Response at a distance

Let me start by saying that this will be my last post on this subject.

For some reason, Pratik Naik, the poster of the original Twitter message chose to respond to my post on my blog via the Phusion blog. Ninh Bui of Phusion has asked the discussion to be taken elsewhere, so here we are.

Count me as shocked at the angry and non-linear response to what I felt was a neutral response to the original Twitter message.

@Tom : It’s you who need to put down your weapons when *YOU* felt the need to reply to my simple twits (where there was no mention of you/your employees/your comany ) with a gigantic blog post.

What you say here, Pratik, is not entirely true, as Engine Yard is a host that “doesn’t let you use Passenger”. Basically you’re now saying that Engine Yard was collateral damage to an attack not aimed directly at us. Of course, collateral damage is unavoidable when you make statements of the sort you made. Perhaps you should aim more carefully in the future to avoid such confusion.

When you have to reply to me saying “PEOPLE spreading FUD about passenger”, the shoe must fit. Even your employee had to make a direct personal attack, which is a shame.

Actually, I didn’t respond to that, but I certainly did reference it. I’m unaware of any of our employees making a direct personal attack, but will take you at your word and apologize for that employee here and now. We certainly don’t condone such behavior, though know full well that in a company full of young technical people, mistakes will be made.

But it’s very apparent you weren’t replying to me, but you were replying to your customers justifying your position against the growing popularity of Passenger. And that’s fine. Just don’t pretend as if it’s all in a response to my twitter messages. My twit, clearly, was just a catalyst.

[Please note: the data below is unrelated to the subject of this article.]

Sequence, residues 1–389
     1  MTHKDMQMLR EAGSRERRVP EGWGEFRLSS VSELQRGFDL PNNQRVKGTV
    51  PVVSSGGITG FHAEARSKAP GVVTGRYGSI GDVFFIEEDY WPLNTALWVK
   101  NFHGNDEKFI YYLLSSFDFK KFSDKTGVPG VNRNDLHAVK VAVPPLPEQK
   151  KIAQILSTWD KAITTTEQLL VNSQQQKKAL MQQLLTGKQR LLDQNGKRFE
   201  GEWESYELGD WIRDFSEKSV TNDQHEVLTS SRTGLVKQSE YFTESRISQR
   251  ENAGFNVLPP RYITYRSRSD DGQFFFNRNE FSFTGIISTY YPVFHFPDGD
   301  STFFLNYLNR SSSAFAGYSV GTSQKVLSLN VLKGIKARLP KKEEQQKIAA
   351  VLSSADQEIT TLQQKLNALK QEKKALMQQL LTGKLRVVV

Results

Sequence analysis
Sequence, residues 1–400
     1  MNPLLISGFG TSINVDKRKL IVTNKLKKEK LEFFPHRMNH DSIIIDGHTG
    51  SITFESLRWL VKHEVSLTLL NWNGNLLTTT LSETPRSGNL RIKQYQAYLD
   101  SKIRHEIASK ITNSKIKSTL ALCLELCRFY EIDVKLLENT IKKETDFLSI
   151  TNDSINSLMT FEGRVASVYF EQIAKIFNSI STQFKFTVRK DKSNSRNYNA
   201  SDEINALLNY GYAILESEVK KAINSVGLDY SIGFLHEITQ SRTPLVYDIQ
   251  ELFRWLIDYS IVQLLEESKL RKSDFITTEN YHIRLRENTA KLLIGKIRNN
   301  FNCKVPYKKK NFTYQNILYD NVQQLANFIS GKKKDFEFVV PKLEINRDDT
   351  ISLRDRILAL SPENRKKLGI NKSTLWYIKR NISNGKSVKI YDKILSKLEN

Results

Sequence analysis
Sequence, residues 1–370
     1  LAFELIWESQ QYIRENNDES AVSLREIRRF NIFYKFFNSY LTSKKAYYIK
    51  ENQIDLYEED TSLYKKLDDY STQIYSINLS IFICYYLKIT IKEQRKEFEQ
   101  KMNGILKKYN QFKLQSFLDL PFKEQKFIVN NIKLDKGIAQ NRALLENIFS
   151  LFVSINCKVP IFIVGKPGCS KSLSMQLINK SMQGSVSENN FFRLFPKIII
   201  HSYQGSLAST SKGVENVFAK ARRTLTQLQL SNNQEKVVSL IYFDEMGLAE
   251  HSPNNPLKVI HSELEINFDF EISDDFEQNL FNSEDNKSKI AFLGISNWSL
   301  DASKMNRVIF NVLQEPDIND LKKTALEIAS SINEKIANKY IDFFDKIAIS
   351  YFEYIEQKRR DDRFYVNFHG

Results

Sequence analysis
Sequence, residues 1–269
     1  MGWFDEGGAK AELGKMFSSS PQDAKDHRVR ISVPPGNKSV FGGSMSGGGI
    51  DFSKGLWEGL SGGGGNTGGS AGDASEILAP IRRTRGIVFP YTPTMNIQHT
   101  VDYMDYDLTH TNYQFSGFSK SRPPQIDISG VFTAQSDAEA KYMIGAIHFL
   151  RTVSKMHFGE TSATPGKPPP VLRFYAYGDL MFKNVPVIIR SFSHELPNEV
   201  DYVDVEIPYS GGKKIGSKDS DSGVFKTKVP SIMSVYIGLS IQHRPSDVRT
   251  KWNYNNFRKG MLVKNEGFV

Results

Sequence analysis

Please don’t put words in my mouth. As stated in my post, I was replying directly to you. There *are* valid reasons to not support Passenger, and I outlined a few of them. I also explained that there were very valuable and useful aspects of Passenger and most especially, Ruby Enterprise Edition. I think that I explained those reasons fairly clearly.

But forget all that. Let’s have a little history lesson, shall we :

** Feb 12 **
– Ezra Announces mod_rubinius
– Comment #12 is EXACTLY what passenger is.
– And now mod_rubinius has been officially killed ? ( correct me if I’m wrong )

Thanks for pointing out that mod_rubinius is not where it should be. I’m checking into that. Of course, since most of the code was written before the virtual machine was rewritten in C++, the code isn’t highly valuable at this point. :-(

It’s rather unfortunate, to be sure, that we needed to reduce the size of the Rubinius team here at Engine Yard. We still maintain two full time people working on that project, which we consider to be very important to the community. Some might think it’s impolite to bring this up, but since we have already discussed this in public, I will not hold it against you.

I am confused, however, how this is relevant to the issue at hand. Perhaps you could enlighten me?

** April 4 **
– Passenger is released to the public